UNITED NATIONS (AP) — This week’s devastating earthquake in Afghanistan is yet another emergency facing the country, which also faces its worst drought in 30 years and deep poverty. Afghanistan is also the country with the largest number of people at risk of famine in the world, and the country’s new Taliban rulers have seen mounting human rights abuses, a senior United Nations official said on Thursday.
UN Humanitarian Affairs Chief Martin Griffith and UN Deputy Special Representative for Afghanistan Ramiz Arakbarov presented a grim picture of the hardships and dangers facing Afghanistan’s 38 million people.
They were speaking at a Security Council meeting on the situation in Afghanistan, scheduled for Wednesday ahead of a powerful earthquake in the east that Afghan state media said killed 1,000 people. The United Nations estimates the death toll lower, saying about 770 people were killed in Paktika and Khost provinces.
Hundreds more were injured and officials warned the toll could rise as Afghans are still digging through the rubble to recover more bodies on Thursday.
Griffith said in a video briefing that “Afghanistan’s political and economic landscape has changed dramatically” since the Taliban took power last August, and that U.S. and NATO forces are in the midst of a chaotic withdrawal from Afghanistan after 20 years of war. The final stage, “brought ruthless human beings to bring misery to the people of the country.”
“Afghanistan’s worst drought in nearly 30 years has affected three-quarters of the provinces, meaning below-average crop yields are expected to be harvested this year,” he said.
Griffith said 25 million people – more than half the population – lived in poverty, more than double the number in 2011, with 6.6 million at “emergency” levels. “This is the largest number of countries in the world that are at risk of similar famines,” he said.
Arakbarov, currently the top Afghan official who plans to visit the quake-hit area on Friday, said in a video briefing in Kabul that the quake was “another tragic reminder of the myriad dangers facing the Afghan people”.
With the emergence of Taliban armed opposition groups, the security environment “has become increasingly unpredictable” – “largely due to political exclusion” – leading to clashes, especially in Panjshir and Bagh, he said Lan Province. “Assaults by opposition forces against the de facto authorities doubled in May compared to April,” he said.
Arakbarov also pointed to the “precarious” human rights situation, including “credible allegations of killings, abuses, and other violations against individuals associated with the former Afghan government,” as well as Taliban attacks on alleged ties to the opposition and Allegations of opposition-linked individuals. It is also the main rival of the Taliban, the Islamic State group.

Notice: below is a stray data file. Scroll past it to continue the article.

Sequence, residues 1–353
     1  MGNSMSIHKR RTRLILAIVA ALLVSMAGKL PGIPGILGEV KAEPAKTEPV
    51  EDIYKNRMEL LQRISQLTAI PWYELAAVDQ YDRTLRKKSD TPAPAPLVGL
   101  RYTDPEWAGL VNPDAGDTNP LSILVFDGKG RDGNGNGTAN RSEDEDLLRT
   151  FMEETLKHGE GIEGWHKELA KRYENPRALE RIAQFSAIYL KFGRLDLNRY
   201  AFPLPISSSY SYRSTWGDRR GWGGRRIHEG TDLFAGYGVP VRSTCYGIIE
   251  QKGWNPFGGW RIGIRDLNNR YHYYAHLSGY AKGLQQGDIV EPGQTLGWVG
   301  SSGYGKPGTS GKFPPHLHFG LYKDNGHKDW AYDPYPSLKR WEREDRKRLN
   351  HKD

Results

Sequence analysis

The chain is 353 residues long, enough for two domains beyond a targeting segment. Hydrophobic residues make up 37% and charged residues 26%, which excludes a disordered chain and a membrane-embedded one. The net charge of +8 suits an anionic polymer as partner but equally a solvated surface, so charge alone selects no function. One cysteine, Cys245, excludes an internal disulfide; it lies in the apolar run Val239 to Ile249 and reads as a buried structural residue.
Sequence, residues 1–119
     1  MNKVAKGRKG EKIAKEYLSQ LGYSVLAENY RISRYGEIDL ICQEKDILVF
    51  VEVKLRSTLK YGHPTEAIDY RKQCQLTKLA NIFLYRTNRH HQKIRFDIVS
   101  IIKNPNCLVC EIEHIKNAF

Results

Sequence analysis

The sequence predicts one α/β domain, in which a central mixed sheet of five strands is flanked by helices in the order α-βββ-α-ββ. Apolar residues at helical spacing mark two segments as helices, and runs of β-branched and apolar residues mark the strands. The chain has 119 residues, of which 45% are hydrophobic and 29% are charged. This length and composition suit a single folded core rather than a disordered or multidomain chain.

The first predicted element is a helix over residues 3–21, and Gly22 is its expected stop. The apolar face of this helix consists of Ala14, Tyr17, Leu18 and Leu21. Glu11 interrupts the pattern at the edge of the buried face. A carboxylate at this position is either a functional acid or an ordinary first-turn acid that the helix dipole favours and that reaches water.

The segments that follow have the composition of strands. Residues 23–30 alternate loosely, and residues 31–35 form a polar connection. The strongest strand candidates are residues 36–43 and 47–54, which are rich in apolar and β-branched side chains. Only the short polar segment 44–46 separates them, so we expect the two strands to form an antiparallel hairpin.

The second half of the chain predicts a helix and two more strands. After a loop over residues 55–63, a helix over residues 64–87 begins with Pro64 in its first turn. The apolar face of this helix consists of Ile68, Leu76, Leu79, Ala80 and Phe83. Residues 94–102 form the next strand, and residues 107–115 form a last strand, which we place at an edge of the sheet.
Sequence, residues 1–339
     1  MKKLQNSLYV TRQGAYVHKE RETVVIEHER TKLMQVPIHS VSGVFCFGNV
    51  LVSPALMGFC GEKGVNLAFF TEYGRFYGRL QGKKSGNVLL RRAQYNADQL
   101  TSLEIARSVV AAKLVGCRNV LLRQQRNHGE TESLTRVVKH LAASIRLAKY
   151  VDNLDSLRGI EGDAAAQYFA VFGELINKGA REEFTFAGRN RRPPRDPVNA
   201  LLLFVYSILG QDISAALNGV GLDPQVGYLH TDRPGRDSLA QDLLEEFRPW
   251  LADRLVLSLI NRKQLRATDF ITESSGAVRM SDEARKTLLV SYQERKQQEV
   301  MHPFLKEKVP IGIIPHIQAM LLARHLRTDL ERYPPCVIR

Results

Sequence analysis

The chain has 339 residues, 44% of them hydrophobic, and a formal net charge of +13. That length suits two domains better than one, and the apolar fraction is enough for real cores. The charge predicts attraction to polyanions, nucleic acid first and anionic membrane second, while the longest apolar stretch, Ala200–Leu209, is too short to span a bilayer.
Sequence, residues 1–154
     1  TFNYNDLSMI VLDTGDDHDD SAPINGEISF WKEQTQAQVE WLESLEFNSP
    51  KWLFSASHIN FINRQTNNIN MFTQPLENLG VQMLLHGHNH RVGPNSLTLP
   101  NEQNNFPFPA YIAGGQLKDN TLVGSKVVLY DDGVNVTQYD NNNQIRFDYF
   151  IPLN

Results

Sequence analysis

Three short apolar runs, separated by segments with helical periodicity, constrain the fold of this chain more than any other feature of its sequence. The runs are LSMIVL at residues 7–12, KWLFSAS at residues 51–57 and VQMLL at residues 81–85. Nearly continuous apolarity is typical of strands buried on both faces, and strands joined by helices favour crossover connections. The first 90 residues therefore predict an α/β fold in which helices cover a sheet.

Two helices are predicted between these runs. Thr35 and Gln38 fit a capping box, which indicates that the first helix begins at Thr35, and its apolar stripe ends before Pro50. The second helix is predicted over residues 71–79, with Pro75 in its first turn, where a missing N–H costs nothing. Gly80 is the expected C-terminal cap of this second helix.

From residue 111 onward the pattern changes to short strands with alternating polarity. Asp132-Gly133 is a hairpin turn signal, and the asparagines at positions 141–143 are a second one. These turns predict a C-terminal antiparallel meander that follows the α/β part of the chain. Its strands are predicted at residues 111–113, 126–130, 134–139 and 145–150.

He also cited the Taliban’s growing restrictions on women and girls, as well as the rights to freedom of peaceful assembly, opinion and expression, and the ongoing economic crisis. Afghanistan’s economy has contracted an estimated 30 to 40 percent since the Taliban took over, he said.
“Unemployment is likely to hit 40 percent this year — up from 13 percent in 2021 — and some projections suggest the poverty rate could climb to 97 percent by the end of 2022,” Arakbarov said. “What’s more worrying is that 82 per cent of households are now heavily in debt, and the deteriorating economy offers little chance of getting out of debt.”
As they travel across the country, Afghan families are grateful for humanitarian aid, but they want jobs, the opportunity to look ahead and the safety, which also means freedom of movement for women and men, he said.
Calling the country’s humanitarian response “complex and difficult,” Griffith said the formal banking system continued to block money transfers, with about 80 percent of aid organizations facing delays in transferring funds.
A second “hurdle” is that the Taliban across the country are increasingly looking to “play a role in selecting beneficiaries and delivering aid to those on their own priority lists,” he said. He added that it was difficult for aid organizations to Hiring Women, “There are more disruptions today than in previous months.”
The United Nations also faces a “66% funding gap – a staggering nearly $3 billion in the final six months of 2022,” Griffith said, stressing that “early funding and early action are critical to averting this winter’s catastrophe. important.”